The greatest barrier to Christianity for Jews is the claim that Jesus is God. Worshiping more than one god got them into a lot of trouble in the Old Testament, so, understandably, they aren’t interested in entertaining the blasphemy that Jesus’ divinity appears to present to monotheism.

But what if “monotheism” according to the Old Testament—that is, the Jews’ Bible—actually has room for a co-equal with God? Daniel’s vision in chapter 7 says it does. Here’s how…

In the middle of the terrifying vision of ghastly beasts, the scene shifts to a heavenly throne room, where Daniel sees several thrones and the convening of a court. What Daniel is seeing is the divine council, a heavenly entourage that administers cosmic affairs under the rule of Yahweh (e.g., Deut 32:8–9; Pss 82:1; 89:5–7).

If you’ve never heard of this council, I’m not surprised. It doesn’t get much press in church. But every ancient Mesopotamian religion, including Israel, believed in a tiered council of divine beings with various responsibilities. Israel’s council was similar to that of an ancient civilization to its north, Ugarit, with one very important difference that Daniel’s vision will reveal. At the head of the Ugaritic council sat El, an aged god with a gray beard. Below him was the tier of the royal family, which included Baal—the storm god and El’s son. Known in Ugaritic literature as the Rider of the Clouds, Baal was El’s vice-regent. Then the council included third and fourth tiers of craftsmen gods and servants.[1]

Israel’s divine council had an upper tier of beings (those seated in the council in Dan 7) and a servant class of heavenly beings (angels), though it didn’t have a tier of craftsmen gods. Yahweh sat at the head of the council, overseeing the “sons of God” in the upper tier. But what about that vice-regent position? Did Israel’s council have someone there? If so, who? Hold that thought for a minute (or three) while we return to Daniel’s vision.

In the throne room scene, Daniel saw a resplendent white-haired being with brilliant clothing: the Ancient of Days. (This is the only place in the Bible where this title for Yahweh occurs, although the OT does talk a lot about God’s eternality. In Daniel’s vision, Yahweh’s eternality and dominion contrast with the beasts and their kingdoms, which are all about to disappear.) Daniel watched the Ancient of Days in a fiery scene, a sure sign of a theophany–that is, an appearance of God. (Think of the burning bush, the fire at Mt. Sinai, and the pillar of fire in the wilderness and you’ll see that fire accompanies God’s presence.)

When the council sat, a collection of books was opened. We’ll come back to the book business another day, but shortly after this part of the vision, Daniel saw “one like a son of man” arriving with the clouds to be presented to the Ancient of Days. The enthroned one awarded him an eternal kingdom and the worship of “all nations and peoples of every language.” The phrase “son of man” simply means “human” in the OT, so just as Daniel had compared the beasts to recognizable things, so he compared this figure to something recognizable: a human being.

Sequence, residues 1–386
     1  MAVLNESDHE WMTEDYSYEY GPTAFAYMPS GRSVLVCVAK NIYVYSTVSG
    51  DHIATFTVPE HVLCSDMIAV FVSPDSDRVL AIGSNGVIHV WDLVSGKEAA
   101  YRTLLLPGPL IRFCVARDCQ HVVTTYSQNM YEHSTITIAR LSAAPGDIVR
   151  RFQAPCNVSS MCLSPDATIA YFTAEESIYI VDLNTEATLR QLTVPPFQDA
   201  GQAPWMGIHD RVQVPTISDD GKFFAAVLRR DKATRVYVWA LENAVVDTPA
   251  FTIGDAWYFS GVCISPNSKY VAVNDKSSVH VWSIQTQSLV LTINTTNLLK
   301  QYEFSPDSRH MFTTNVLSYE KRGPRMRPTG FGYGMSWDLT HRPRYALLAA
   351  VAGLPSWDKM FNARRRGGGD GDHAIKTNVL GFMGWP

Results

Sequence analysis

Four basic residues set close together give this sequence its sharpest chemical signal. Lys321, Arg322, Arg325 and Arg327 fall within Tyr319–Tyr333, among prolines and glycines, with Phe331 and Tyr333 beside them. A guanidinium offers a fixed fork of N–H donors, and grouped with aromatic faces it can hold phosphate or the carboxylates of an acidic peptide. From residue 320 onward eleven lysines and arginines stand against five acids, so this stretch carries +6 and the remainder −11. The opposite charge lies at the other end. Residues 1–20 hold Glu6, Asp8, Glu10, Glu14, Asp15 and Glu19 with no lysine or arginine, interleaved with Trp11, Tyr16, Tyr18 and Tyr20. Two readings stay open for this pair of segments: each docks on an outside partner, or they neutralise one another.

But here’s where things get interesting. Clouds in the OT can also suggest an appearance of Yahweh. (Think of the clouds at Sinai, in the wilderness, and over the Tabernacle.) More precisely in this context, the picture of someone “on” or “with” clouds reflects Old Testament poetry where Yahweh rides a cloud chariot through the heavens (Pss 68:4; 104:3). Yahweh also rides a cloud in judgment (Isa 19:1; Nah 1:3).

So, wait a minute. The Ancient of Days is Yahweh, but one who rides the clouds is also Yahweh? How does that even work? In Daniel’s vision, these are two distinct characters—the one on the throne and the one arriving on the clouds. Are both Yahweh??

What Daniel saw was a stunning portrayal of the divine council in Israel’s theology. And he also saw its most significant difference from other divine councils. Stay with me here: Israel’s council was headed by Yahweh. In Daniel’s vision, Yahweh was seated on a fiery throne when a cloud-riding figure appeared before him. By all other Old Testament accounts, a cloud-rider was Yahweh. What Daniel saw was a second power in heaven, a vice-regent, who received everlasting dominion and power.

By itself, a divine council with a vice-regent receiving the right to rule forever was not unique in the ancient Near East. It happens in Ugaritic mythology. What was unique in Israel’s council was that the vice-regent position “was not filled by another god, but by Yahweh himself in another form. This ‘hypostasis’ of Yahweh was the same essence as Yahweh but a distinct, second person.”[2]

Do you get it? This tells us that monotheism according to the Old Testament has room in it for a “second person.” We won’t understand exactly who this “second person” is until we get to the NT. But don’t miss the profound implications of what Daniel sees: Israel’s divine council had exactly the right structure to understand Jesus in the New Testament.

I told you this vision got better.


[1] For more on the divine council in the ancient Near East and Israel, see Michael S. Heiser, “Divine Council,” (DOTWPW; ed. Tremper Longman III and Peter Enns; Downers Grove: InterVarsity Press, 2008): 112–16. See also

[2] Heiser, “Divine Council,” 114. Heiser notes that this hypostasis is most plainly seen in the Name theology of the Old Testament and in the “angel of Yahweh.”

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